Real-world evidence: It's finally having its moment
For years, pharma has rhapsodized about its love of real-world data and bragged about the preponderance of information soon to be within its grasp. Finally, it seems, the on-the-ground reality matches the industry's lofty opinions of its collection and analysis efforts.
Take Takeda, which has been at the forefront of the RWE push with studies of the effectiveness of its ulcerative colitis/Crohn's drug Entyvio and its multiple myeloma treatments. The latter ambitiously aimed to enroll 5,000 patients around the world.
“There's immense demand for real-world data, and it's only increasing,” says Hui Huang, Takeda's executive director, head of global outcomes research, oncology. “It's the right thing to do for patients — and whenever we do right for patients, we do right for the future of drug development.”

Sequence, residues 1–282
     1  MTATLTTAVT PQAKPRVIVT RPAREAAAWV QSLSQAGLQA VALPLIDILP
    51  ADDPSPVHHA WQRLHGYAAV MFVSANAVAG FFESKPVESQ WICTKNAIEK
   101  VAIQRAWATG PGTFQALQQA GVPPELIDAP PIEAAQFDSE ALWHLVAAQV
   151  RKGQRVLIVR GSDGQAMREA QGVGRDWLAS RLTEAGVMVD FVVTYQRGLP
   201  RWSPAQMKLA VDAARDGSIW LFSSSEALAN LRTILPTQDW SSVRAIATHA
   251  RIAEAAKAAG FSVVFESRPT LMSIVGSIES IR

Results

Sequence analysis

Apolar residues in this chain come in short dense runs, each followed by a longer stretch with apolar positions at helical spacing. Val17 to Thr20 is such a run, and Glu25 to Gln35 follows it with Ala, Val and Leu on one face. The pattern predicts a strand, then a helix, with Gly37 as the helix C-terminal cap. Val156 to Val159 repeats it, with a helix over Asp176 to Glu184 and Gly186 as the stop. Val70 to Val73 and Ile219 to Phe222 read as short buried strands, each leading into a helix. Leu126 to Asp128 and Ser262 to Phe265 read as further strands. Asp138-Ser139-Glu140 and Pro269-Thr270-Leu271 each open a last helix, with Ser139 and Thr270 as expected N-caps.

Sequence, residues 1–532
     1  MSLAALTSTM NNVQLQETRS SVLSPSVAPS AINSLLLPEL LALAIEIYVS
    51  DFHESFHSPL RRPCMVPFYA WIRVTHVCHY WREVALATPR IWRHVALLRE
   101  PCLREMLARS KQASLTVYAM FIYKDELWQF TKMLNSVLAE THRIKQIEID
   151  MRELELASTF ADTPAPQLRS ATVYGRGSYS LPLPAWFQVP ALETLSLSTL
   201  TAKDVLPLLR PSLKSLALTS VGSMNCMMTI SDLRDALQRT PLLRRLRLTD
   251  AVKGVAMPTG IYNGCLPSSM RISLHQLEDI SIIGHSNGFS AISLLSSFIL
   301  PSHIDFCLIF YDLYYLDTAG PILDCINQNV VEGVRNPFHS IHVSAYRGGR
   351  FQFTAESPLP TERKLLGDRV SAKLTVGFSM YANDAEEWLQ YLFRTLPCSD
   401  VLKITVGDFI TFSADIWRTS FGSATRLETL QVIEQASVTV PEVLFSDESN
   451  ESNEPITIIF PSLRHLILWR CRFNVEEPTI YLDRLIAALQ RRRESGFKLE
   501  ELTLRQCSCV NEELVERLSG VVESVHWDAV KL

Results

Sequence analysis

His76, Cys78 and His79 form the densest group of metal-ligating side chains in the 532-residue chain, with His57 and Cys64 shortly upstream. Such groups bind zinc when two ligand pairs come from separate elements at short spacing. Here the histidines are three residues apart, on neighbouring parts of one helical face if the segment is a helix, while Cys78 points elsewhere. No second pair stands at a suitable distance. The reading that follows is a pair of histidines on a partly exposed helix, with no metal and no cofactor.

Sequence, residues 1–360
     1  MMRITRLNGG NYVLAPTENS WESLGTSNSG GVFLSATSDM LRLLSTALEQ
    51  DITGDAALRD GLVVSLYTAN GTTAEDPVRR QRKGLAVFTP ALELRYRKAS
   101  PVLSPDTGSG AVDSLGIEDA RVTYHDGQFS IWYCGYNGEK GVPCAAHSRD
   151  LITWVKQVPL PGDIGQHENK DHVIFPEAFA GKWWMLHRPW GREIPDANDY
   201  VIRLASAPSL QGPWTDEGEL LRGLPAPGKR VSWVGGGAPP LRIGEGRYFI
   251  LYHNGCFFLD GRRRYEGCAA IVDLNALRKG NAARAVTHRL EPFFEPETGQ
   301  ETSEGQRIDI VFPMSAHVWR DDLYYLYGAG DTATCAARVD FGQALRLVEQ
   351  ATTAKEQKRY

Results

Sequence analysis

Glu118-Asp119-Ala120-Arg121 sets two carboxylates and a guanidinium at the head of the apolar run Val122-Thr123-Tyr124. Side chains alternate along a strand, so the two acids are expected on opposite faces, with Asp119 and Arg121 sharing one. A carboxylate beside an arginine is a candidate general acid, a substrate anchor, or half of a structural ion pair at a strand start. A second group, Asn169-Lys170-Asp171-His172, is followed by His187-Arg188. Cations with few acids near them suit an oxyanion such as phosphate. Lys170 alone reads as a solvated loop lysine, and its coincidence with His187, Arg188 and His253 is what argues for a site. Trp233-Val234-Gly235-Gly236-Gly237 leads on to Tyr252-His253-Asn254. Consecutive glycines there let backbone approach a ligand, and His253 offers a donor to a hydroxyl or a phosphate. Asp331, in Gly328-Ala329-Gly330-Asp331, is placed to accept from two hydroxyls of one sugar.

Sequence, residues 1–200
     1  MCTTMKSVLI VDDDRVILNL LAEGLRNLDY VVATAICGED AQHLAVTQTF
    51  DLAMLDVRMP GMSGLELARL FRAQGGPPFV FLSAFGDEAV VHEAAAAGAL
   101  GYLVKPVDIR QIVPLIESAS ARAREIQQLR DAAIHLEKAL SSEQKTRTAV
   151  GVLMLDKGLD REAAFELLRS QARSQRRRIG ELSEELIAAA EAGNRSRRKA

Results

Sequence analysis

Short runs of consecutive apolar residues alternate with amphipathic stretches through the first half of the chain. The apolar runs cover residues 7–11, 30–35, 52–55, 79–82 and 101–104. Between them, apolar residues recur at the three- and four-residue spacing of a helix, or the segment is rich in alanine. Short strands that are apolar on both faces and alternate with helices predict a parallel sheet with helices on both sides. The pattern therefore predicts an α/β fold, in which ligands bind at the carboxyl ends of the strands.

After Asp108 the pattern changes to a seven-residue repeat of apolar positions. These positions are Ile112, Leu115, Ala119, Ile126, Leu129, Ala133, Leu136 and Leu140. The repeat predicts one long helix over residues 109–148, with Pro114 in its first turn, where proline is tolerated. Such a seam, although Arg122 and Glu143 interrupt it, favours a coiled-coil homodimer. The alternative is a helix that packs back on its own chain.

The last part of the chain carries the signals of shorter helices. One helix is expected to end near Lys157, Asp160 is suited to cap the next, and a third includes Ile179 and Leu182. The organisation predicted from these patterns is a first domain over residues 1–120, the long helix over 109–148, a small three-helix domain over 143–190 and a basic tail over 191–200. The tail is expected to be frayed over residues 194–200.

Then there's the ongoing AIRWISE collaboration, billed by backers Anthem, Healthcore, and Boehringer Ingelheim as “the world's largest pragmatic clinical trial in COPD.” AIRWISE is designed to test the real-world effectiveness of Boehringer Ingelheim's Stiolto Respimat inhalation spray against any commercially available combination of a long-acting muscarinic antagonist, a long-acting beta-agonist, and an inhaled corticosteroid.
The three organizations say it's too early to even think about discussing results — the program kicked off in early October — but they're thrilled with what they've seen so far. In a statement, Anthem medical director Dr. Mark Napier enthused about the possibility of securing “real-world data on a broad population of COPD patients that cannot be obtained from traditional randomized clinical trials. This will be invaluable for clinicians and healthcare organizations alike.”